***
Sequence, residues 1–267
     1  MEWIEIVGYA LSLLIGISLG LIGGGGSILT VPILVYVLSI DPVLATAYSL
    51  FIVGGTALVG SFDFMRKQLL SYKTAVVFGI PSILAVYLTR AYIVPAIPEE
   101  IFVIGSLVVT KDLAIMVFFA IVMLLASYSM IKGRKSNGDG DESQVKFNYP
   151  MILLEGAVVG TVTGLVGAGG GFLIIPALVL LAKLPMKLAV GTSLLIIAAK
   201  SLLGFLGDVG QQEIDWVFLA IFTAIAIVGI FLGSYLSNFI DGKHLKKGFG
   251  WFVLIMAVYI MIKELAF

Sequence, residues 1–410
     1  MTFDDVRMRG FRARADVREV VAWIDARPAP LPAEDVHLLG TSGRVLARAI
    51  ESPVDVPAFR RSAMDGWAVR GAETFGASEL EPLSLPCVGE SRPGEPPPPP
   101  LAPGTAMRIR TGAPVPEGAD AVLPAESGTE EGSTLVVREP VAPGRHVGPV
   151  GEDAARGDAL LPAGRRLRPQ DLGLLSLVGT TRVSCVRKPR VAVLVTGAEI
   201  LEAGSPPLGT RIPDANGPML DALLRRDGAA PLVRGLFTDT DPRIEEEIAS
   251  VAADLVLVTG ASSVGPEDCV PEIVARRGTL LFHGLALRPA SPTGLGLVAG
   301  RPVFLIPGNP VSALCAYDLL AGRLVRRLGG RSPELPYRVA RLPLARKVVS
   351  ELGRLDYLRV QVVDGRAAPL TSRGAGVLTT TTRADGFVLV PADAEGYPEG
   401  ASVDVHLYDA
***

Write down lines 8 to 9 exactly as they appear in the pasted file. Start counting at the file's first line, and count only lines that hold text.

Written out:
Sequence, residues 1–410
     1  MTFDDVRMRG FRARADVREV VAWIDARPAP LPAEDVHLLG TSGRVLARAI